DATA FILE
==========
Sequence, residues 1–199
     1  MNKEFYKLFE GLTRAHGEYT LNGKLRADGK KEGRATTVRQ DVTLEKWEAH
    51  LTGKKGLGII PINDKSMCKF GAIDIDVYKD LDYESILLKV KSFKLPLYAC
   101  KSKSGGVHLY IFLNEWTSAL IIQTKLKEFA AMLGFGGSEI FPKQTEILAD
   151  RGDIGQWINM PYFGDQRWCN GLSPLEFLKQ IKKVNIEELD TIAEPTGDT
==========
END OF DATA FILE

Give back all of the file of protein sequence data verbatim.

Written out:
Sequence, residues 1–199
     1  MNKEFYKLFE GLTRAHGEYT LNGKLRADGK KEGRATTVRQ DVTLEKWEAH
    51  LTGKKGLGII PINDKSMCKF GAIDIDVYKD LDYESILLKV KSFKLPLYAC
   101  KSKSGGVHLY IFLNEWTSAL IIQTKLKEFA AMLGFGGSEI FPKQTEILAD
   151  RGDIGQWINM PYFGDQRWCN GLSPLEFLKQ IKKVNIEELD TIAEPTGDT